Welcome to Sunset Magazine’s #1 Birding Destination in the West, and the largest freshwater ecosystem west of the Mississippi.
Birders, we need your help. Summer 2020 has seen a crisis on our public lands just south of Crater Lake, with alarming increases in careless resource damage, trash and human waste, and lack of respect for neighboring private lands. PLEASE recreate responsibly, so these special places stay open for public use.
The Upper Klamath Lake marshes and open water next to forests host a large variety of birds in a relatively small area. Over 350 species of birds call this major Pacific Flyway layover home! This is also a refuge for more than just birds, offering humans relief from their hectic lives.
Check the area map for symbols denoting birding hotspots. Visit the Klamath Basin Birding Trail for additional details.
Look, listen, and enjoy. If you’d rather bird with an expert, Lonesome Duck offers half and full-day tours with an experienced naturalist.
Fall: August and September are peak months for viewing pelicans, egrets, herons, and grebes. An estimated one to two million ducks and geese migrate through the Klamath Basin each October and November.
Winter: From November through February the largest wintering population of Bald Eagles, often more than 500, concentrates in the Klamath Basin.
Spring: March to May brings shorebirds and waterfowl migrating north to Alaska and Canada, with songbirds and raptors nesting in the forests and along the marshes. Western and Clark’s Grebes dance on the lake.
Summer: Brood-rearing by shorebirds, waterfowl, raptors, and song birds.
Great Birding Routes
Odessa Campground and Upper Klamath NWR to Sevenmile Trailhead The 15,000 acre refuge offers excellent nesting and brood-rearing areas for waterfowl, bald eagles, osprey, and colonial nesting birds. Odessa, Malone, and Crystal Springs are part of a series of gushing springs that dot the western shoreline. Species: Woodpeckers, chickadees, warblers, wrens, blackbirds, and night herons, black terns and Clark’s grebes, sandhill cranes, yellow-headed blackbirds and both white-headed and pileated woodpeckers. Sevenmile Marsh, a high-elevation wetland with a mixed conifer forest. Nesting Species: Lincoln’s Sparrow, nuthatches, chickadees, and warblers. Listen for yellow rails.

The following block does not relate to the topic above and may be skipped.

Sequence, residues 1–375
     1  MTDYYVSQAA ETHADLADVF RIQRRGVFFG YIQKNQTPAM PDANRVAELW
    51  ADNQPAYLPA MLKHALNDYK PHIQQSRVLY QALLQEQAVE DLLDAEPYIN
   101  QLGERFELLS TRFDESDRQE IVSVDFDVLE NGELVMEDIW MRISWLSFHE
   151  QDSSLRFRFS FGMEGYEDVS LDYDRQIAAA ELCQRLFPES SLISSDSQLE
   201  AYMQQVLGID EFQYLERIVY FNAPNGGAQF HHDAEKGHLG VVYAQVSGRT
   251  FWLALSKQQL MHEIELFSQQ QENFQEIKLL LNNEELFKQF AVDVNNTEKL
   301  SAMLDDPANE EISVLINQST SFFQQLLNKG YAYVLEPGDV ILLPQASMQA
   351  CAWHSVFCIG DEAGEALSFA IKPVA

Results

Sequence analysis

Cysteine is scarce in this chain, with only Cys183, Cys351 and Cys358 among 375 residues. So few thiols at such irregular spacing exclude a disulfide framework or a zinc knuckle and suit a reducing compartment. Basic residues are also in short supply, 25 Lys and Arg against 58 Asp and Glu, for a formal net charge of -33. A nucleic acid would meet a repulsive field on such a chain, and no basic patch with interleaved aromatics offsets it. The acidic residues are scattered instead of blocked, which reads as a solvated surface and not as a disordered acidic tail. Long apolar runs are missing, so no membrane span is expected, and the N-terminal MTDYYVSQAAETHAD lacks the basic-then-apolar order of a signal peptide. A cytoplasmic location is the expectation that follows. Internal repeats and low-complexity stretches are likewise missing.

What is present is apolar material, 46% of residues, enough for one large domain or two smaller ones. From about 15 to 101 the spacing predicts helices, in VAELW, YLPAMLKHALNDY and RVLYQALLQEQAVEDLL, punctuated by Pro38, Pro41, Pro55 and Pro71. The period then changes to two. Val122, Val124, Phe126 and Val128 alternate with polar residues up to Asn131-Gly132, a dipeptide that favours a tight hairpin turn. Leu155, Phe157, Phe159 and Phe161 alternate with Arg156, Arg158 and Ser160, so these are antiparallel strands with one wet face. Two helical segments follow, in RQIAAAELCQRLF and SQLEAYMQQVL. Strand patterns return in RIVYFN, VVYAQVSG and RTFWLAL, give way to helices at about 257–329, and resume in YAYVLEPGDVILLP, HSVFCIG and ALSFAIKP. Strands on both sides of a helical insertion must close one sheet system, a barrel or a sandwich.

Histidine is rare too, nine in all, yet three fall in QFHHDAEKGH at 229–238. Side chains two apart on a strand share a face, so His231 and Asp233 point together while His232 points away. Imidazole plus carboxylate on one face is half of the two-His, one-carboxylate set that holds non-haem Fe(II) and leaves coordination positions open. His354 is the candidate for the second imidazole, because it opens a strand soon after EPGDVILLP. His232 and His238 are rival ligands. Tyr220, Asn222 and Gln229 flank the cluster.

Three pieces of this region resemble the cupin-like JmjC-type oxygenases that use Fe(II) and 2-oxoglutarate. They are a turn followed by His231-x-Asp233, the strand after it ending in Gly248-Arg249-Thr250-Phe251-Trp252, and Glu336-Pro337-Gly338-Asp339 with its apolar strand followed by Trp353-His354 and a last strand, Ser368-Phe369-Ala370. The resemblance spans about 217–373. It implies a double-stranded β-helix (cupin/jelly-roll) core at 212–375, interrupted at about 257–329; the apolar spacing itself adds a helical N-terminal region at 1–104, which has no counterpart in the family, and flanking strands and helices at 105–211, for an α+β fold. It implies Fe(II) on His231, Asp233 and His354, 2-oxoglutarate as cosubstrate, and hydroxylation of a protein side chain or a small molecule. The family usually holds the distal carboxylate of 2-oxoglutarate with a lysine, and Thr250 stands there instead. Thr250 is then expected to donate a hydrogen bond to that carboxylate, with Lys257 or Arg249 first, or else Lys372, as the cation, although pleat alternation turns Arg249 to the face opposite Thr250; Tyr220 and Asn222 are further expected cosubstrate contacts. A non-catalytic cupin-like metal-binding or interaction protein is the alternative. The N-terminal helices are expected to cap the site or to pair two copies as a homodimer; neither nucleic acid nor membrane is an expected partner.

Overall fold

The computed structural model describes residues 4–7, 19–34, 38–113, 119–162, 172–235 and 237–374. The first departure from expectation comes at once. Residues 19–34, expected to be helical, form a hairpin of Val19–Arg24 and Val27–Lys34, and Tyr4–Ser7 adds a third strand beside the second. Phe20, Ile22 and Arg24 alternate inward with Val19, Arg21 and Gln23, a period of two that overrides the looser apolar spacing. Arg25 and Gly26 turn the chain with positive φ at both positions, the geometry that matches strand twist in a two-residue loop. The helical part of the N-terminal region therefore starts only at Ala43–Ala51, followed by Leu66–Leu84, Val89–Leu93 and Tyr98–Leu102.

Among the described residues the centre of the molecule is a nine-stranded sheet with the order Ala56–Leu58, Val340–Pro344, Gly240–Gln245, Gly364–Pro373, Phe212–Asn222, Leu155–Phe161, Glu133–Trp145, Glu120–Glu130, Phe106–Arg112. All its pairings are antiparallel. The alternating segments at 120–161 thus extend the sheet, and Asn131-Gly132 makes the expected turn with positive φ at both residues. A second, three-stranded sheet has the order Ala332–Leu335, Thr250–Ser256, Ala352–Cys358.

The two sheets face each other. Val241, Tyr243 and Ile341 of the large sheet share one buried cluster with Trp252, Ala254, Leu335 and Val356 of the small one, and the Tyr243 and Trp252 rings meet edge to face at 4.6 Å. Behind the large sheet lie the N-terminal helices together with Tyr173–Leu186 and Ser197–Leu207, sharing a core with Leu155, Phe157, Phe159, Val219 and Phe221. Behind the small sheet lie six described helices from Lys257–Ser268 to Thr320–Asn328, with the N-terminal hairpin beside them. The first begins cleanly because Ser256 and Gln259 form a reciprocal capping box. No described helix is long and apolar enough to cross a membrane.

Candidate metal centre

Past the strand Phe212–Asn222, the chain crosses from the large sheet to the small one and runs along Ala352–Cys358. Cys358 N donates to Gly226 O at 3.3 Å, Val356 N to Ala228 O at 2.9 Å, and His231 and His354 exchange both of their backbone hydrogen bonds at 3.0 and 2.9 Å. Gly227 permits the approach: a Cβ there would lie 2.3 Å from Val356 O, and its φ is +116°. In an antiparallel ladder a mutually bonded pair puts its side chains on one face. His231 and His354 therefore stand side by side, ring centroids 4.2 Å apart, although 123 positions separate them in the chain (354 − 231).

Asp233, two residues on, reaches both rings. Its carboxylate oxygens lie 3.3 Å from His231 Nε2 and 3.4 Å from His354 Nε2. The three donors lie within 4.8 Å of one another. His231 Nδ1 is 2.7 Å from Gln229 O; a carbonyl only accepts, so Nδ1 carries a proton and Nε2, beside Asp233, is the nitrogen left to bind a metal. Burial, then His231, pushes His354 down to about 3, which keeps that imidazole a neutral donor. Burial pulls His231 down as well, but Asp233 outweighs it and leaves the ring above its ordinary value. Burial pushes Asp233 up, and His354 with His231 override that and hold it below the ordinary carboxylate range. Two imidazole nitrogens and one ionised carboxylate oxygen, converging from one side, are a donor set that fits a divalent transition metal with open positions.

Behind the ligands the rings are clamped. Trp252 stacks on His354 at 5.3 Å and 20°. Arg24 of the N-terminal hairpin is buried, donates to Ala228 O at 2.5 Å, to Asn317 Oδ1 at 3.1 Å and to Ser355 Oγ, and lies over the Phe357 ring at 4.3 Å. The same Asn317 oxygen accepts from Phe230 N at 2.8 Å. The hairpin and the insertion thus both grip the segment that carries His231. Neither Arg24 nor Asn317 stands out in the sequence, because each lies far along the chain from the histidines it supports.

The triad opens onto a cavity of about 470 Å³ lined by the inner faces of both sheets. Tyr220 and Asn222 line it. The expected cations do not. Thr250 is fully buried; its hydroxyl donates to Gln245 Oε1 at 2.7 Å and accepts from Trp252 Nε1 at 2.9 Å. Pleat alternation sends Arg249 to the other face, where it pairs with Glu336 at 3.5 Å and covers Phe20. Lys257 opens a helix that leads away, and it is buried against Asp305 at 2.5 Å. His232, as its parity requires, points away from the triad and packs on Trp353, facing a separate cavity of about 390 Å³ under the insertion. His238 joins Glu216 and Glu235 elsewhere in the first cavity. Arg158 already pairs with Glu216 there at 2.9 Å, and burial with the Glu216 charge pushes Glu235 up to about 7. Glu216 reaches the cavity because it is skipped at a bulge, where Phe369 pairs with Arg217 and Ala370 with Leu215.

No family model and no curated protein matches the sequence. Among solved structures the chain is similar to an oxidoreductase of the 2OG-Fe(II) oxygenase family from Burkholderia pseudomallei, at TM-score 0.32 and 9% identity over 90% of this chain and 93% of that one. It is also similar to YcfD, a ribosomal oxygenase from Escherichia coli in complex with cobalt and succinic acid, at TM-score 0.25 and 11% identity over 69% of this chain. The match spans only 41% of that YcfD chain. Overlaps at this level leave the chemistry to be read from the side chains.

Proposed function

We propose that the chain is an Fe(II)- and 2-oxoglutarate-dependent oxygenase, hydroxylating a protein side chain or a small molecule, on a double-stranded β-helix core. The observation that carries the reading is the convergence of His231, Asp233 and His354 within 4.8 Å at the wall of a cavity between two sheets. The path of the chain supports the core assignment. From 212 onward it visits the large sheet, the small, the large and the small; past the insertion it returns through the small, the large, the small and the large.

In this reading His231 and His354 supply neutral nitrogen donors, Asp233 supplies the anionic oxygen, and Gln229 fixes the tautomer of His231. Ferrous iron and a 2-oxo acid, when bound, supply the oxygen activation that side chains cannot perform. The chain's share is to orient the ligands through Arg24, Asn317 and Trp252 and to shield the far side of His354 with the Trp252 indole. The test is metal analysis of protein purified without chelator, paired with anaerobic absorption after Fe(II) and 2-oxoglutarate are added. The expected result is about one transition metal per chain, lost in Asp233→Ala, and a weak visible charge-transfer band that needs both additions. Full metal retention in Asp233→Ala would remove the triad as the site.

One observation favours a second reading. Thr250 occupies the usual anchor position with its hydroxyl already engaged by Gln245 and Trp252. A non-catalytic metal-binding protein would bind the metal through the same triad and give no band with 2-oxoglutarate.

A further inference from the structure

Jackson F. Kimball State Recreation Site to Fort Klamath Museum. The river aspen, marsh wetland, and open stands of ponderosa pine are excellent for viewing migrating songbirds. Nesting Species: Grouse, sapsuckers, grosbeaks, vireos, and warblers. Wintering raptors frequent the adjacent ranches.
Collier Memorial State Park to the Wood River Wetlands and Petric Park Collier State Park. Species: Jays, osprey and dippers along Spring Creek, as well as summer hummingbirds. The Wood River Wetlands and Petric Park offer riparian strips, marsh, and open water. Species: Clark’s grebe, terns, phalaropes, pelicans, and songbirds. In the winter, view Agency Lake’s waterfowl from the Wood River Wetlands and hawks and eagles from the country roads around Fort Klamath.
Great Meadow, Fish Lake, and Fourmile Lake Hwy 140 West up into the Cascades offers a diversity of habitats from wet and dry meadows, to ponds, to marsh, to mature and sub-alpine forests, to mountain lakes. Great Meadow. Nesting Species: Spotted sandpipers, American pipits, warblers, and Vaux swifts. Fourmile and Fish Lakes offer mature Douglas fir and grand fir forests surrounding sub-alpine lakes. Nesting Species: Woodpeckers, crossbills, nuthatches, and western tanagers.
Klamath falls hosts the Annual Winter Wings Festival on Presidents’ Weekend, with field trip, clinics, speakers, and more. CANCELLED FOR 2021 because of COVID.